The intuition behind the Pareto Frontier between the two variables is rather simple. Our first point is going to be the lowest cost of producing one ton of CO2. Our second point will be the lowest cost of producing two tons if and only if it is lower than the lowest cost of producing one ton. Otherwise, we keep going to three, then four, then five (and so on and so forth) tons until we find the next lowest cost. We repeat this process until we’ve looked at our maximum level of pollution (2,000 tons).

To translate this into Tableau logic, we need to take the minimum cost of each level of pollution with a fixed expression. We then take the RUNNING_MIN() of our minimum costs:

Running Min variable calculations

We could have a scenario in which two or more different levels of pollution have the same minimum cost and are picked up by the RUNNING_MIN(). For instance, here is a sample of our RUNNIN_MIN Cost data. As you can see, there are three different levels of pollution for the same $0.14 price, but we only want the lower level of pollution (1,865 tons):

Table of Per Unit Cost and Tons of CO2

Therefore, we’ll create a mirror calculation of RUNNING_MIN Cost, but this time with CO2. That is, we need to take the minimum level of pollution of each per unit price with a fixed expression. We then take the RUNNING_MIN() of our minimum levels of pollution:

RUNNING_MIN CO2 calculation

Now we filter for the production runs with the levels of pollution and per unit prices that match our running minimums. Any production run that returns TRUE in this calculation is a solution on our Pareto Frontier!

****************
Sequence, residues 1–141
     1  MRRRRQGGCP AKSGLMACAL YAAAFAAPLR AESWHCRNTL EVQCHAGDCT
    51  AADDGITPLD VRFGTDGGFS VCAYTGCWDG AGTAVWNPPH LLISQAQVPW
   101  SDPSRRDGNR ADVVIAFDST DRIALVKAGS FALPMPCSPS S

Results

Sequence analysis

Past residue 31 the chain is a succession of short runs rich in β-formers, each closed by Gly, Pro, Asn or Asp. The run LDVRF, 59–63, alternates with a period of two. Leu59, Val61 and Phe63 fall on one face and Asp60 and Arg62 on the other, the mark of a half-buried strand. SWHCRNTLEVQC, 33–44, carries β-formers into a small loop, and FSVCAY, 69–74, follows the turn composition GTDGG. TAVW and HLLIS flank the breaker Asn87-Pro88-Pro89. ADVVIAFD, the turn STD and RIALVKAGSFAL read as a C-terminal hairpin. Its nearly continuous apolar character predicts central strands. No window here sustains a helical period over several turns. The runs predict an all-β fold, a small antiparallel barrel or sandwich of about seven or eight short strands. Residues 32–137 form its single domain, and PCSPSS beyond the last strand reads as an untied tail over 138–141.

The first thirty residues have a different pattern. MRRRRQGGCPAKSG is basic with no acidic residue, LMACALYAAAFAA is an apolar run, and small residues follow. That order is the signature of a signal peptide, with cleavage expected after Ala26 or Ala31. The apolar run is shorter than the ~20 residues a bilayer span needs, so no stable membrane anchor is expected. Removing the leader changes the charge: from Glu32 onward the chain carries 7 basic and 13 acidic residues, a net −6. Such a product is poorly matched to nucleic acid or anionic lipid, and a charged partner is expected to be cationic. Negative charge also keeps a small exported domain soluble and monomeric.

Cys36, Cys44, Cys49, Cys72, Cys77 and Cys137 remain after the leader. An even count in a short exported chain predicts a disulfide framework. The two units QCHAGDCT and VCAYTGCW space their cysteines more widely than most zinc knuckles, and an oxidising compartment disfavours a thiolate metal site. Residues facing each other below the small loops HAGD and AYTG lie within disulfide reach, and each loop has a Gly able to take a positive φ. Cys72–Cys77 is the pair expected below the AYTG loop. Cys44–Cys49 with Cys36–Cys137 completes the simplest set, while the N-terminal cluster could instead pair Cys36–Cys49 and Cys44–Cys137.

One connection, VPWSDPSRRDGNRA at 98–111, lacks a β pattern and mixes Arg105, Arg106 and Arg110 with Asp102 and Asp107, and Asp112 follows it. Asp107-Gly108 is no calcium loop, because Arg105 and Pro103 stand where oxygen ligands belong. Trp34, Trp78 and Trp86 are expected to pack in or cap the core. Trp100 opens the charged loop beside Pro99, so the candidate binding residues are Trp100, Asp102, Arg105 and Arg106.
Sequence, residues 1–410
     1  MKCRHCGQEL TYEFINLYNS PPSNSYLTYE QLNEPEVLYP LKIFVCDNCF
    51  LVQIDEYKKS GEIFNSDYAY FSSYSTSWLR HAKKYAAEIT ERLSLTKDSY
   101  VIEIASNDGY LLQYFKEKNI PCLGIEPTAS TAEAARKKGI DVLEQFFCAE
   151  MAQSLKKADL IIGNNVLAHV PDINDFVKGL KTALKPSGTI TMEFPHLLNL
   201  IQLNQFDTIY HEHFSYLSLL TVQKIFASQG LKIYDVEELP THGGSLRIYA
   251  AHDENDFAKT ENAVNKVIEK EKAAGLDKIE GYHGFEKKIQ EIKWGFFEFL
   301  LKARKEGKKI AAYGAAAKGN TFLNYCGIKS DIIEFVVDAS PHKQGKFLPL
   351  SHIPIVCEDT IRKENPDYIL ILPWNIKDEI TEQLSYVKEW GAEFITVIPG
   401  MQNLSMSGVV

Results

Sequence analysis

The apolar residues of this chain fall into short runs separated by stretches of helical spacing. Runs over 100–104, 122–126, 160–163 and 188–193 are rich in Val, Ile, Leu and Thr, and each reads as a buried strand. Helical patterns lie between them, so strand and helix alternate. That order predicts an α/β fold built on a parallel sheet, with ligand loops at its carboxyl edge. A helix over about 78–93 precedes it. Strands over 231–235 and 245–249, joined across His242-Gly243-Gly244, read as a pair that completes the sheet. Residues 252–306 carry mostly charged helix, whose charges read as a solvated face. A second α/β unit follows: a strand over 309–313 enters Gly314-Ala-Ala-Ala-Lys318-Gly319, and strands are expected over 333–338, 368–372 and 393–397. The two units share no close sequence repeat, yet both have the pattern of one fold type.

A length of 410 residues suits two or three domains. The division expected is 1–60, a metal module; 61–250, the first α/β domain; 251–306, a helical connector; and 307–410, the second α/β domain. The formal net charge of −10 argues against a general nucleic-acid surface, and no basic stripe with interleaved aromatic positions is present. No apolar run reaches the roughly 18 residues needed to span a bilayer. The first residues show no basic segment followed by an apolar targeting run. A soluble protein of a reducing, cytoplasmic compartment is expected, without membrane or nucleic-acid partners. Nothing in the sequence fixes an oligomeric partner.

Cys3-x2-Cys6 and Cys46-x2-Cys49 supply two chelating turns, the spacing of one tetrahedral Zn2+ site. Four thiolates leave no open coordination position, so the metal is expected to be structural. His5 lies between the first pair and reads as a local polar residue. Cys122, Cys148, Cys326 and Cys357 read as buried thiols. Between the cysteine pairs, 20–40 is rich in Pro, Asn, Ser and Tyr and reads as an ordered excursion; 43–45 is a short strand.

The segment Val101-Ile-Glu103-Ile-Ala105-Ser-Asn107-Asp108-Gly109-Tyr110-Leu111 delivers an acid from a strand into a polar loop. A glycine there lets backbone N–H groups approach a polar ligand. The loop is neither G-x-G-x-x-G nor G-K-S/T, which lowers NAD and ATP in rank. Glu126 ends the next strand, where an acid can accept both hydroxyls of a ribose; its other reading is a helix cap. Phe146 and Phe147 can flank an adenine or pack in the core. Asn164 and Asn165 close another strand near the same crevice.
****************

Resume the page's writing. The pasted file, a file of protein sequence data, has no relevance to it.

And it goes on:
Pareto Frontier Calculation

Now, Let’s Visualize It!

Let’s create two calculation fields, one for production runs on our Pareto front and one for the rest of our runs:

Pareto Front Line Calculation

Not Pareto Frontier Calculation

Here I added an extra functionality for the values not in our Pareto Frontier. I created a parameter with which I can choose to view these points. If the parameter is not equal to “All Values,” then it returns a null.

We’re then going to bring these two fields into Rows and set them as Dual Axis with Synchronized Axis. Let’s bring in “Tons of CO2” produced into Columns and the “Production Run ID” into detail. Lastly, we need to adjust our Table Calculations.

Note: These are Nested Table Calculations, so we need to make sure to apply mirrored settings for RUNNING_MIN Cost and RUNNING_MIN CO2. RUNNING_MIN Cost, for instance, should be computed using Specific Dimensions with “Tons of CO2” and “Production Run ID” checked, and At The Level set to “Production Run ID.”  Then, Sort Order needs to be set to Custom using “Tons of CO2” in ascending order. Apply these settings to RUNNING_MIN CO2, but switch the variables:

Table Calculation for RUNNING_MIN Cost

Table Calculations for RUNNING_MIN CO2

Lastly, let’s format our points so that our Pareto Frontier is accentuated, and voilà! I give you the finished dashboard:

The nice thing about this being built entirely in Tableau is that we can filter the data and remap our Pareto Frontier in real time. For instance, at FactoryWorks, we produce different models of our gadget, based on color, size, and premium option. We just need to set these as filters in Context (since we have those LODs), and we can view our Pareto Frontier for a specific product!

Filters in Tableau

But what if you want to compare more than two objectives at once? We got you covered! Make sure to check out Wesley’s blog. And as always, if you have any questions, feel free to reach out!

More About the Author

Alfonso Vaca-Lubischer

Analytics Consultant
Intro to Pareto Frontiers in Tableau As of this writing, I am a few weeks away from earning my master’s degree in economics. If I had to distill my years of learning into a ...